LPS to install plexiglass in all school lunchrooms

Scott Middle School was the first school to see the change, and officials say it's been a success thus far.
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To further reduce risk and the spread of COVID-19 in public schools, the district is now beginning to install plexiglass barriers between students at lunchroom tables.

Lincoln Public Schools has been working with the Lancaster County Health Department since the pandemic began to help schools run safely and efficiently, they say.

“The plexiglass just adds another level of risk prevention in that context where it provides a barrier, it’s not intended to be a complete risk removal, it reduces that risk there though substantially, especially for those kids across the table,” says Jesse Davey with the county health department.

Davey says the health department has also suggested shorter lunch periods for all schools to further reduce the risk of students spreading possible droplets to their peers while they have their masks off.

“If you’re not masked and you’re in close proximity, the most limited amount of time is what you’re looking for,” Davey says.

School officials say the plexiglass barriers have been in the plans for schools for weeks, but a matter of supply and demand is why the district is just now putting them up.

Scott Middle School near 27th and Pine Lake was the first school to see the change, as it is the largest middle school and has the highest capacity of students inside at any given time than other public school in Lincoln.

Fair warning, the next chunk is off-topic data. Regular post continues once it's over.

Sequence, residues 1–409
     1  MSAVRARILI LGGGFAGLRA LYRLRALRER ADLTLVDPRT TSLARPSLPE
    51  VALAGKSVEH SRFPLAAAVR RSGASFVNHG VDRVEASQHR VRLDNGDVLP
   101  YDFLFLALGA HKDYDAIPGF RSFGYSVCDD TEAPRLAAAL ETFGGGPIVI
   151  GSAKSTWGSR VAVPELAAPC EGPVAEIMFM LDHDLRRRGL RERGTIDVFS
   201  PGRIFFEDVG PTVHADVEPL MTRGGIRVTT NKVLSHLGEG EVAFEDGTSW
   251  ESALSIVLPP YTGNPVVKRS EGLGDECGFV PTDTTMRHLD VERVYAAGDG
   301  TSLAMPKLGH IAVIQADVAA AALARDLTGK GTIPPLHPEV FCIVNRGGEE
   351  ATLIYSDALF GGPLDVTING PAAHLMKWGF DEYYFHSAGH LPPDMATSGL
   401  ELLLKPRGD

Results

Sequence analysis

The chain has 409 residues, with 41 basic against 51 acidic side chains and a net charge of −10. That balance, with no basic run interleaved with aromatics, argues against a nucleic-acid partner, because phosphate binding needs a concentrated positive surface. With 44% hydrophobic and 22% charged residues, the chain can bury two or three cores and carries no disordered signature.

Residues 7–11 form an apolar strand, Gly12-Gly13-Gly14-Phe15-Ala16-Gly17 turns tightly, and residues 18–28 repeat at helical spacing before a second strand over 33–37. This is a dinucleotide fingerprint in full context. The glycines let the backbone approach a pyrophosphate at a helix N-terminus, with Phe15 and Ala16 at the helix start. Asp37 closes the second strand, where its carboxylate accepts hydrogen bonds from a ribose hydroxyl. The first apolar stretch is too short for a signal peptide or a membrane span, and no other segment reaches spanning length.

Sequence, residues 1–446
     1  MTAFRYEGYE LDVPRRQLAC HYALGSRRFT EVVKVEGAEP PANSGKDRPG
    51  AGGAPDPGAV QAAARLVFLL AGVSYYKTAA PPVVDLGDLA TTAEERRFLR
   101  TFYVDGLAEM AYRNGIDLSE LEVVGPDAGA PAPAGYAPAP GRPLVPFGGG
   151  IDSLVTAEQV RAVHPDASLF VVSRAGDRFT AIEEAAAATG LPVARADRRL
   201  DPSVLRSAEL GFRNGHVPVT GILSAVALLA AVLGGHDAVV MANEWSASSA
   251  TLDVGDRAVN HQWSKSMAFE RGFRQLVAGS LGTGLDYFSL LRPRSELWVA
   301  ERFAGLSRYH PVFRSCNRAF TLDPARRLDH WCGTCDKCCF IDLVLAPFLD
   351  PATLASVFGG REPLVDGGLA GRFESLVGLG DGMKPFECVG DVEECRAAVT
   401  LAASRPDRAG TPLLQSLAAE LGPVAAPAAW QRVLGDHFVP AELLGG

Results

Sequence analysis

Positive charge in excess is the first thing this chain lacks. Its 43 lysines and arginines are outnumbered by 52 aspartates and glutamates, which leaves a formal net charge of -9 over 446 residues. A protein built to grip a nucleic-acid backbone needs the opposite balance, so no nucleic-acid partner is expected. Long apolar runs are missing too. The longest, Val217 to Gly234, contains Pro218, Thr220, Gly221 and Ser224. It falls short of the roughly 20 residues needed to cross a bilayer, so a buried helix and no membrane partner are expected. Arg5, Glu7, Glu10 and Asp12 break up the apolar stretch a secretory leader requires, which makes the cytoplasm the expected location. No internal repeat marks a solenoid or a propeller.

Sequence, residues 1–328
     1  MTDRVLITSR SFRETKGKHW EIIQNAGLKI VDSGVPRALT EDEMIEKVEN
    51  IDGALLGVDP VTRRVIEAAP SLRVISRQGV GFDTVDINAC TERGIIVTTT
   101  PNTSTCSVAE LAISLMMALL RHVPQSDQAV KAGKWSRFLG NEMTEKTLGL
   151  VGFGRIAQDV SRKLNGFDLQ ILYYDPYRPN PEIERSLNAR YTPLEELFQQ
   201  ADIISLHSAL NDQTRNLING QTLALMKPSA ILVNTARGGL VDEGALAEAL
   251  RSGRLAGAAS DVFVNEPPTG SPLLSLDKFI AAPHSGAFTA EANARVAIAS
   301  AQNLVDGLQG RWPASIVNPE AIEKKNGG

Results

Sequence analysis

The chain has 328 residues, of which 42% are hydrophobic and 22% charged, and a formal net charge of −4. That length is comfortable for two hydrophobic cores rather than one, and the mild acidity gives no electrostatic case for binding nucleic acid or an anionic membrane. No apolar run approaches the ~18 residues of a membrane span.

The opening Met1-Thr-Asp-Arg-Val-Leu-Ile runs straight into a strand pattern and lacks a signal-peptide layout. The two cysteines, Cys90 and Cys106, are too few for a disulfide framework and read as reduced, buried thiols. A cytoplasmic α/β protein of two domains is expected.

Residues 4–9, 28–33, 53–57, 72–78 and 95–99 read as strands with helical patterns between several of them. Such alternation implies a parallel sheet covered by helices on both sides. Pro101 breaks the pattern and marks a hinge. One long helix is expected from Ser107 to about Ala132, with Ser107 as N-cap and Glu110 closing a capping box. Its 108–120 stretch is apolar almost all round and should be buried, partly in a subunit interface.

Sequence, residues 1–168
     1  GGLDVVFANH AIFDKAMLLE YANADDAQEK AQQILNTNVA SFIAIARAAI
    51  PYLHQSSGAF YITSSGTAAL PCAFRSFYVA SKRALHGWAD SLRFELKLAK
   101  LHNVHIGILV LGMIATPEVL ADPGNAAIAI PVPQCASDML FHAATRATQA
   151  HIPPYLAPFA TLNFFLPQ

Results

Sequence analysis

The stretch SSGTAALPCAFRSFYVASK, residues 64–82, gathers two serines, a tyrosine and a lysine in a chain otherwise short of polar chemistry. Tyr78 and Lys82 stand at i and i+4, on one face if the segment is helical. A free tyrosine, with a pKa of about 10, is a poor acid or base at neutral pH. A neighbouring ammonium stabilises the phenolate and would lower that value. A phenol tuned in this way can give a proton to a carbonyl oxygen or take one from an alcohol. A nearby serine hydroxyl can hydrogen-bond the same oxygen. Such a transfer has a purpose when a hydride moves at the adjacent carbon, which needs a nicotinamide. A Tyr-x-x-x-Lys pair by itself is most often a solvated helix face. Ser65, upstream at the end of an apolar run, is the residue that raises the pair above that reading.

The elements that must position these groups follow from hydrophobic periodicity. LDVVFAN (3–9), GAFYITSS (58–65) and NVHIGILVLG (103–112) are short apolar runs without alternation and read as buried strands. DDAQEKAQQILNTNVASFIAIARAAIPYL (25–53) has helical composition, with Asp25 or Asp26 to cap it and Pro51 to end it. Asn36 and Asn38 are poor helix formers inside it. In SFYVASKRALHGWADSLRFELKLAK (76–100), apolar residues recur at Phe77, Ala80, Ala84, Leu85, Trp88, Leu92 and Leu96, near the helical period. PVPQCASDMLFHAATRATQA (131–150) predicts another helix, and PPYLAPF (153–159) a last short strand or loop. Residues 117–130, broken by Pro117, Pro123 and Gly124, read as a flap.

LPS says the other middle schools will be the first priority for the plexiglass.

“Based on product availability with the plexiglass, we’re looking to continue with high schools and elementary schools, so, it’s looking to be about three or four weeks assuming we get the product in that we’re able to complete all the schools in LPS,” says Liz Standish, the Associate Superintendent of Business Affairs with LPS.

Standish says the district has spent nearly $150,000 on the plexiglass product – that money coming from the CARES Act funding.

Standish also says that there isn’t much other money being spent on the plexiglass, as employees already in the LPS system are measuring, cutting, and setting up the barriers in each school.

Although not entirely receptive to the idea at first, Standish says students have familiarized themselves with the new normal of their school days and says they have been doing a great job.

Categories: Education News, Lancaster, Nebraska News